And welcome to our coverage for practice for the 2020 Portuguese Grand Prix. It’s the first edition of a Formula One race in Portugal since 1996 and we see F1 on a brand new circuit for the second time in 2020. The original calendar had a few new additions — Zandvoort in Holland and the Hanoi Street Circuit in Vietnam — so it will be good to see the cars on an unfamiliar circuit and with limited running data, as was the case at Mugello. The last time F1 cars ran here was over a decade ago, so that data is unlikely to be all that useful to the teams.
The Autódromo do Algarve is an intriguing circuit with plenty of rolling corners, a couple of tighter ones and a long straight. If these current F1 cars weren’t such high-downforce mega beasts then I’d say we could be in for an interesting race. As it is we might just have to settle for the majesty of them wanging their way around the ups and downs at high speed. I guess that might not be so bad?
What are the stories this weekend? Well firstly, Lewis Hamilton will be targeting his 92nd Grand Prix victory. Were he to achieve that — and let’s be honest it is by far the most likely result — he will become the most successful driver in F1 history on that metric, overtaking Michael Schumacher’s 91. When he scores his seventh world title this season (it’s really when not if at the moment…) he will be the de facto most successful F1 driver ever. Does that make him the greatest? No, but that is another debate for another time.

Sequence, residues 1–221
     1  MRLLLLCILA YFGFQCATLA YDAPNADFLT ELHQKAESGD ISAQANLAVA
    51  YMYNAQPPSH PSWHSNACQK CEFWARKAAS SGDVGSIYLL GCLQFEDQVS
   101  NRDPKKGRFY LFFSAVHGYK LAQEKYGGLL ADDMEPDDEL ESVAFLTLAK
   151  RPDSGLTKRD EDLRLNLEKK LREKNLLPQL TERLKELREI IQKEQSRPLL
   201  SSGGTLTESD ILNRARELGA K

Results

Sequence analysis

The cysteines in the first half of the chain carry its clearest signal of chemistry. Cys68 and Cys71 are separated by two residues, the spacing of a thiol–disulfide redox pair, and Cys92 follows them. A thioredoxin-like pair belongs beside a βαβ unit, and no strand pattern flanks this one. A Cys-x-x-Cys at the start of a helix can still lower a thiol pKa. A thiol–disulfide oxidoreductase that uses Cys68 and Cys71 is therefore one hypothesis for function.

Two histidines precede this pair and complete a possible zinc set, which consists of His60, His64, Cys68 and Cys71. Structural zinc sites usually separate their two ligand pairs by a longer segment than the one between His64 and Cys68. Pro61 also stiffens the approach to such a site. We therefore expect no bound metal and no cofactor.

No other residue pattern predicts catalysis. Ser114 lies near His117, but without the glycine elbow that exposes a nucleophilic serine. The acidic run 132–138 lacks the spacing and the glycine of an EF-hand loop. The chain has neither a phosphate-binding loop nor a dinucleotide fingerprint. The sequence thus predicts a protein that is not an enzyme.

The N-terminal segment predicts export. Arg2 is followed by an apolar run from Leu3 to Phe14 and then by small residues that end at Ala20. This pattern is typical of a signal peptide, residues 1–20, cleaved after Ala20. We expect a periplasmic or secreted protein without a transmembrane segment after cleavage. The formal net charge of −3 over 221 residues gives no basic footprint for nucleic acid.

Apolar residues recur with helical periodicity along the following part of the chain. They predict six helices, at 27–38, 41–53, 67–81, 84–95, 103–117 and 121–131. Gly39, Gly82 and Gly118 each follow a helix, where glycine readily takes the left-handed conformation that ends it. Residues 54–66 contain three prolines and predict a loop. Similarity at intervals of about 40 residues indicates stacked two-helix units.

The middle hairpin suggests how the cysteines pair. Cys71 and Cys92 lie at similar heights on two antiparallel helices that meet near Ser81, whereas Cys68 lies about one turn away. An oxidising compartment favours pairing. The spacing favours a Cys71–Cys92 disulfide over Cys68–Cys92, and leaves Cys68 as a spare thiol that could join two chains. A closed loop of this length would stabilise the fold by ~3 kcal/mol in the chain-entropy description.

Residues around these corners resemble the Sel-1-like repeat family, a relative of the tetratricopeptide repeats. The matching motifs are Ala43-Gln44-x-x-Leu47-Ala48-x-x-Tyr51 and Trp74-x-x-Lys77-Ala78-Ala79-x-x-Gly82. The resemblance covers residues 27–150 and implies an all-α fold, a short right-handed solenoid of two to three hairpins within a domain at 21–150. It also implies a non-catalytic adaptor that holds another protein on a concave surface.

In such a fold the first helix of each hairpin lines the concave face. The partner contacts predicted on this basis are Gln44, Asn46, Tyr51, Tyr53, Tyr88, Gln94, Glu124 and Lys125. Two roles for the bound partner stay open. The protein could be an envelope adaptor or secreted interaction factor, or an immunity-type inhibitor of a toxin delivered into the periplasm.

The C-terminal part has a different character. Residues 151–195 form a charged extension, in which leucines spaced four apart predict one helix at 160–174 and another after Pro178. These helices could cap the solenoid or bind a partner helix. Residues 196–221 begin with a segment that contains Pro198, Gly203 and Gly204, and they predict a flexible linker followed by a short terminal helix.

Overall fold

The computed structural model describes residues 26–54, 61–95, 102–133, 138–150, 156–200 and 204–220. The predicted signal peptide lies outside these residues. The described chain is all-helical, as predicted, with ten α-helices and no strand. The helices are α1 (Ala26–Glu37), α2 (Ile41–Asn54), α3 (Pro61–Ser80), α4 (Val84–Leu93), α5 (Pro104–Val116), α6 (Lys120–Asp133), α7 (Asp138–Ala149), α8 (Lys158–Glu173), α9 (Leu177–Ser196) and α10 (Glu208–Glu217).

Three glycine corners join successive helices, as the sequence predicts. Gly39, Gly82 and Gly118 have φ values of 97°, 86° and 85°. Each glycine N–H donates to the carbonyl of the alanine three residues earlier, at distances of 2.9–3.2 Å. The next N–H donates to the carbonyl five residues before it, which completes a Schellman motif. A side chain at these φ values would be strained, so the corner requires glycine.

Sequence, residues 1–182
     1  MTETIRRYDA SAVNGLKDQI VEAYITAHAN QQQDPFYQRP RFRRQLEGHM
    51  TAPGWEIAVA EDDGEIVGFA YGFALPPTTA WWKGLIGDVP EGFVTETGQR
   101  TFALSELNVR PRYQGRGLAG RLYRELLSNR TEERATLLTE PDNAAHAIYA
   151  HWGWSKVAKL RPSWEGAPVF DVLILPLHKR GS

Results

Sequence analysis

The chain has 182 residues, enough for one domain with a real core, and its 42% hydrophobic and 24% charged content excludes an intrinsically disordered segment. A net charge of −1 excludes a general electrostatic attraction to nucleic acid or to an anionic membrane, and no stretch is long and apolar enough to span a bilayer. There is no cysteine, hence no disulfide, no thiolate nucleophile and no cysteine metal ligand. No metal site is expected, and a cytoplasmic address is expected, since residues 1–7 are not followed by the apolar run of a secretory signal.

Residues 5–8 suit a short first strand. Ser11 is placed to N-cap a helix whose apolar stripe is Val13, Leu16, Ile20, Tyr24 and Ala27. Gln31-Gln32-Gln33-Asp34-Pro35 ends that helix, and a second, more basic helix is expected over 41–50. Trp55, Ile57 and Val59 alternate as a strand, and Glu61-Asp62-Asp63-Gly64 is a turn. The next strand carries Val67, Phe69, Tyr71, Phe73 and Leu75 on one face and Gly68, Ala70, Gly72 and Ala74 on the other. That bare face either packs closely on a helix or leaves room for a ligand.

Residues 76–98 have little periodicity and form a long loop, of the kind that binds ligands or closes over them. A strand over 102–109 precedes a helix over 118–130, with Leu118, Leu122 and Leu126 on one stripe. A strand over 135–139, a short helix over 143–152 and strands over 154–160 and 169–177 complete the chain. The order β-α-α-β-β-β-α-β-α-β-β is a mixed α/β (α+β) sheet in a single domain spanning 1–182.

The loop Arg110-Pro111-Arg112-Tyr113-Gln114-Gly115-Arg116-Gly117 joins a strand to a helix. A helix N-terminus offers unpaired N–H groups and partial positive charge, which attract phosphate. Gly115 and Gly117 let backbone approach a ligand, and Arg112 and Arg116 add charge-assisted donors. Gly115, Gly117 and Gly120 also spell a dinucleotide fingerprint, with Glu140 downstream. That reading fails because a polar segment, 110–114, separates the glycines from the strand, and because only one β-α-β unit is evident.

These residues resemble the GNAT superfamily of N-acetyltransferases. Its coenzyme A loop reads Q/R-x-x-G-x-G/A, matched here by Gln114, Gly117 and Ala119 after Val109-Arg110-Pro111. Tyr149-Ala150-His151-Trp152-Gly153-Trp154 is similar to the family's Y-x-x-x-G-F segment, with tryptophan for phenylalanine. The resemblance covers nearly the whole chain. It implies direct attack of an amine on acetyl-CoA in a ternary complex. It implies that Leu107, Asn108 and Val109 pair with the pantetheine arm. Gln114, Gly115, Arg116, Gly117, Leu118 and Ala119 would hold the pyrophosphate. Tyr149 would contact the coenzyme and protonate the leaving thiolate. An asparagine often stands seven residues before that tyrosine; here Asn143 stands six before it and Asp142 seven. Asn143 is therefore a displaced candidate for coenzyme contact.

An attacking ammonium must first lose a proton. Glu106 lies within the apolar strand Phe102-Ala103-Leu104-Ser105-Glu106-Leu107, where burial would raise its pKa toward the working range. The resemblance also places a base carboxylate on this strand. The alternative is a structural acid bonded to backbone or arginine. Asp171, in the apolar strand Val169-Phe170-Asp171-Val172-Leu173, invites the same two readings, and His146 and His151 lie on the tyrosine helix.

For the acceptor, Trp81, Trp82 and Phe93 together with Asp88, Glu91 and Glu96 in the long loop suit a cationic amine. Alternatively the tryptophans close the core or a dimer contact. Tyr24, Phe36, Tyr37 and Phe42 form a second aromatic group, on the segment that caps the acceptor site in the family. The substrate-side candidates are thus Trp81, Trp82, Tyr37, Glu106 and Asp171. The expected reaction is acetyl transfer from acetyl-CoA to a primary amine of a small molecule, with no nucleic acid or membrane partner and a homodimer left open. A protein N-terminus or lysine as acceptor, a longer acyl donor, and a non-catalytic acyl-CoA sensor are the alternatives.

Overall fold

Elsewhere on the grid, the long-standing partnership between Romain Grosjean and Kevin Magnussen at Haas will be coming to an end after this season finishes, with both drivers not retained for 2021. Grosjean had been with the team since its inception in 2016 whilst Magnussen joined a year later. There was reasonable success for both drivers and the team in 2017 and 2018 but the last two years have been difficult in the extreme, especially this year.
Where will both men end up? The number of available seats for next year is quite limited, so there is a good chance but will leave the F1 grid. It wouldn’t be the worst thing if Magnussen followed in his father’s footsteps and going into endurance racing. What it means, though, is that those drivers without confirmed seats (Nico Hulkenberg, Sergio Perez, Callum Ilott) could be quite keen to move to the American team for 2021.